Friday, November 2, 2007

Halloween in Vermont

After living in Tokyo and Shanghai, our family knows how bizarre and attractive our American holidays can appear to other cultures. You dress up in costume and ask strangers for candy? And they smile when they give it to you? Happy Halloween indeed.

There is something characteristically American about the trust required to ask, and the generosity necessary to give. Not to mention the penchant for disguise and the taste for sweets.

This year we celebrated in Woodstock, Vermont. It’s a beautiful town, with a traditional village green, an elegant and expensive resort (the Woodstock Inn), and an unusually high density of gift shops, real estate agents, and art galleries.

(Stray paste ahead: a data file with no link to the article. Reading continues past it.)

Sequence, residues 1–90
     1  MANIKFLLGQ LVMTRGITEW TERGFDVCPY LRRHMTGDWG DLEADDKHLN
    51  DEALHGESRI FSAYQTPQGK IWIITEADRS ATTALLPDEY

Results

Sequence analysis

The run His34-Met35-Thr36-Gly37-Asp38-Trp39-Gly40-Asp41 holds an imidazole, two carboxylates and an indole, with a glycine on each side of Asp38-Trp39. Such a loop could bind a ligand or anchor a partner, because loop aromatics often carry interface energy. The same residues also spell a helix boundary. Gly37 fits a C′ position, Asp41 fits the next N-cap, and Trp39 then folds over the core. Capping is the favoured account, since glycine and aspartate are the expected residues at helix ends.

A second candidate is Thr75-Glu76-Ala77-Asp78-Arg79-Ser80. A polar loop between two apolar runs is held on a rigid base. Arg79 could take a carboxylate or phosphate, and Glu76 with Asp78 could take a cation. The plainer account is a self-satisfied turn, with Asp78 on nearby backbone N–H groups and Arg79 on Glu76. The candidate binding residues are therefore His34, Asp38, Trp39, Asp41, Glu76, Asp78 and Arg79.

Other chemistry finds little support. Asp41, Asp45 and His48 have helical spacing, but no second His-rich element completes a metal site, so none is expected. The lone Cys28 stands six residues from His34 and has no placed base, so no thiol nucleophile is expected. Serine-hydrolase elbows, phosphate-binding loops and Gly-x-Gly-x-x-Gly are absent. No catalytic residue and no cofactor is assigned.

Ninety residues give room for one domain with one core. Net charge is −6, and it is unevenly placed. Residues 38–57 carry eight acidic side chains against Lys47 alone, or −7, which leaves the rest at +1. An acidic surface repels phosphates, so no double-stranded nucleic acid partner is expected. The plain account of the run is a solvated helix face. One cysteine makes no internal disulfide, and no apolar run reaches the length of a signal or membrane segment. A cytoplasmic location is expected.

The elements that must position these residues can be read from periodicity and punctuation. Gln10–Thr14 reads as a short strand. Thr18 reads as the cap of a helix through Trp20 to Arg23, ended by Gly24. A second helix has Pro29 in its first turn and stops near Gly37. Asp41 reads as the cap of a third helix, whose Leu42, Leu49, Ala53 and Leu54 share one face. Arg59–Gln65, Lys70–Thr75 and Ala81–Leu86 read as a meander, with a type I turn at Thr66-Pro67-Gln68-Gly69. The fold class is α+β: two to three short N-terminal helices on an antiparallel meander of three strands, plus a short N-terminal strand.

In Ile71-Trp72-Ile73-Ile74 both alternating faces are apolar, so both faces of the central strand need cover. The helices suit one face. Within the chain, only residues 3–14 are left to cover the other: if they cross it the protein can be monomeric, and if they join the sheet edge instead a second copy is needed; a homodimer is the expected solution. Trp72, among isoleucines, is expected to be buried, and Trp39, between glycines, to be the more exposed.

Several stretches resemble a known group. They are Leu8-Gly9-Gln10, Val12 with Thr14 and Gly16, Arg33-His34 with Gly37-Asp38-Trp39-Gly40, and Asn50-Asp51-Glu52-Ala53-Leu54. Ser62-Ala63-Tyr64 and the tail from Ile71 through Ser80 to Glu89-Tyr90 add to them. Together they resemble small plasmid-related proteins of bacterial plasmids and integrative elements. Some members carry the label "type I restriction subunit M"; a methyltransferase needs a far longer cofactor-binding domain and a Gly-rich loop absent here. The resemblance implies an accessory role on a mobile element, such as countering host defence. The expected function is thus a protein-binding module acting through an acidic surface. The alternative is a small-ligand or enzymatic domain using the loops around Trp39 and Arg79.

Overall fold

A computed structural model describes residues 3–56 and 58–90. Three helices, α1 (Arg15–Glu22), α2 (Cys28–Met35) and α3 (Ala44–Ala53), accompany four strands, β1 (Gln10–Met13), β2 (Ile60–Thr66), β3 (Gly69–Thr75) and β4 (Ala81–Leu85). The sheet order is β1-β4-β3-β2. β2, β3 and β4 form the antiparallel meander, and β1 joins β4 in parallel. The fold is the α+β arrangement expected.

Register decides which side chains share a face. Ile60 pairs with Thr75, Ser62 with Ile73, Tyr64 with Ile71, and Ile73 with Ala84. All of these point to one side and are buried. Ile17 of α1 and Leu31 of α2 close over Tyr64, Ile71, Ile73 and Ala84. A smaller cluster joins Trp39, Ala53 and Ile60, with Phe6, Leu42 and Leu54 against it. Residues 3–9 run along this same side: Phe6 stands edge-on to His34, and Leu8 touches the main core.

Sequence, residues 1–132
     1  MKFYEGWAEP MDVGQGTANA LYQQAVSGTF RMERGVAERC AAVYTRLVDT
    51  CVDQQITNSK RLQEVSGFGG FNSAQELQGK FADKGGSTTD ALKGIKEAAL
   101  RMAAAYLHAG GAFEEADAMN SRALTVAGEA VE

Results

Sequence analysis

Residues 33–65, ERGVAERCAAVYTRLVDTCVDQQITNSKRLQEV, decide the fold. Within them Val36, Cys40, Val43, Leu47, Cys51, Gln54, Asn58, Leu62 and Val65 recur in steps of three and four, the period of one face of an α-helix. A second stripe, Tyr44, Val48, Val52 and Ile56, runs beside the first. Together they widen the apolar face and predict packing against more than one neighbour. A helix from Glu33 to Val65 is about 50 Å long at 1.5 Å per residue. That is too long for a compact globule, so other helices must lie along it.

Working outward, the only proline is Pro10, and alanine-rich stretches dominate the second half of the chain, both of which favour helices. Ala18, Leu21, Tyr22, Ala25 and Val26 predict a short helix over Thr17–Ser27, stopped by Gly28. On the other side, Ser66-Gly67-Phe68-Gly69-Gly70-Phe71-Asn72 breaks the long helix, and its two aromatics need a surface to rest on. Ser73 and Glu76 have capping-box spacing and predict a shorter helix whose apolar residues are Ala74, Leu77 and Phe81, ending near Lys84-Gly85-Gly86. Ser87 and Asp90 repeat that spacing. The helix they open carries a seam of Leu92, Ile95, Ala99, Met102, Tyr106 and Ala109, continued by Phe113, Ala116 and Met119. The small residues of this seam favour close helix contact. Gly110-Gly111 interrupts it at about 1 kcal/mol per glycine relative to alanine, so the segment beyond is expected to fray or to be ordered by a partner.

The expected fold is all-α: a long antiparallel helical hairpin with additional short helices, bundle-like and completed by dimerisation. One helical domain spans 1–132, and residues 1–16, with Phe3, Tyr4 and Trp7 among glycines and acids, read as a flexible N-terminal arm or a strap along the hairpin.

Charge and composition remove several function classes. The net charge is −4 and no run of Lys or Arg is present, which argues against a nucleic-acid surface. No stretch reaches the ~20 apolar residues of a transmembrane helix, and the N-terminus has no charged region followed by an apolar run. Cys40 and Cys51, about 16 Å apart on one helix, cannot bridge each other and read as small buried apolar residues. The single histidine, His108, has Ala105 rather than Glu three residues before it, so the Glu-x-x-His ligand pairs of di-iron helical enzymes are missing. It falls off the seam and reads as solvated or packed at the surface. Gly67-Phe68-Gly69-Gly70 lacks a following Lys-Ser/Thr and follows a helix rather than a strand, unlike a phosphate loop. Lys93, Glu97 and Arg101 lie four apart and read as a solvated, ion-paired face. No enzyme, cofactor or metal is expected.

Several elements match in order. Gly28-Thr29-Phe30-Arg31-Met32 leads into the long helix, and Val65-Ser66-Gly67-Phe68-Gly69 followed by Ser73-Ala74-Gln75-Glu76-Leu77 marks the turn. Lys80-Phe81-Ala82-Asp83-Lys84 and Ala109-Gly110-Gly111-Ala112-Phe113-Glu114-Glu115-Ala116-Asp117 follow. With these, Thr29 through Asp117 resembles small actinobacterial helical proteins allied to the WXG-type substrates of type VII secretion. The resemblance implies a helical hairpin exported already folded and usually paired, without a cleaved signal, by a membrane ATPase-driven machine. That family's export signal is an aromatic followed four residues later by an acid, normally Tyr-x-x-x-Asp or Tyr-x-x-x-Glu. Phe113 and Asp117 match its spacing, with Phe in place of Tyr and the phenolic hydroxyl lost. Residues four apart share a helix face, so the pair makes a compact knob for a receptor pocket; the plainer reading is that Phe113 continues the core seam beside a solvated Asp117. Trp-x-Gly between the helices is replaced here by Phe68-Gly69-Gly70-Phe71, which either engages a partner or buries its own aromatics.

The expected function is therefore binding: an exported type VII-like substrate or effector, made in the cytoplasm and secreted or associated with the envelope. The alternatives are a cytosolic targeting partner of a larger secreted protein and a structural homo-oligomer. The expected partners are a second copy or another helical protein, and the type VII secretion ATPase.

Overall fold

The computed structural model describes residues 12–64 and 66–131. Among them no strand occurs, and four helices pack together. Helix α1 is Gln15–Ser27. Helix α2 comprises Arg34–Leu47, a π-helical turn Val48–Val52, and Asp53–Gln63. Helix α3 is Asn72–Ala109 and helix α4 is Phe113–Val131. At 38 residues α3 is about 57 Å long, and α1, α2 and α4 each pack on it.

The elementary school’s afternoon parade was well attended and exceptionally good-natured, with much admiration exchanged from both sides of the curb.

What the Man Said

"I have never been lost, but I will admit to being confused for several weeks." —Daniel Boone

Thursday, November 1, 2007

The Limits of Landscape

Last week, looking north from Vermont’s Mount Ascutney, I really didn’t know what I was seeing. There were trees with leaves, trees with names that are hardly mentioned in Montana: maple, beech, ash, oak, and hornbeam.

From above, the landscape looked cozy and inhabited, with quilted patches of woodlot and pasture. It was a pleasant perspective, without the constant reproach of “No Trespassing” that I experience on the ground here.

Open space is better than urban sprawl, but I’ve been spoiled by Montana’s 32 million acres of public land—more than five times the area of the entire state of Vermont. An unfair comparison, I know, but consider these more impartial statistics: public land accounts for almost 35% of Montana, but only 8% of Vermont. No wonder I feel hemmed in.

Many locals seem to cultivate a healthy sense of ownership that extends far beyond the boundaries of their personal property. As a newcomer, I'm not there yet.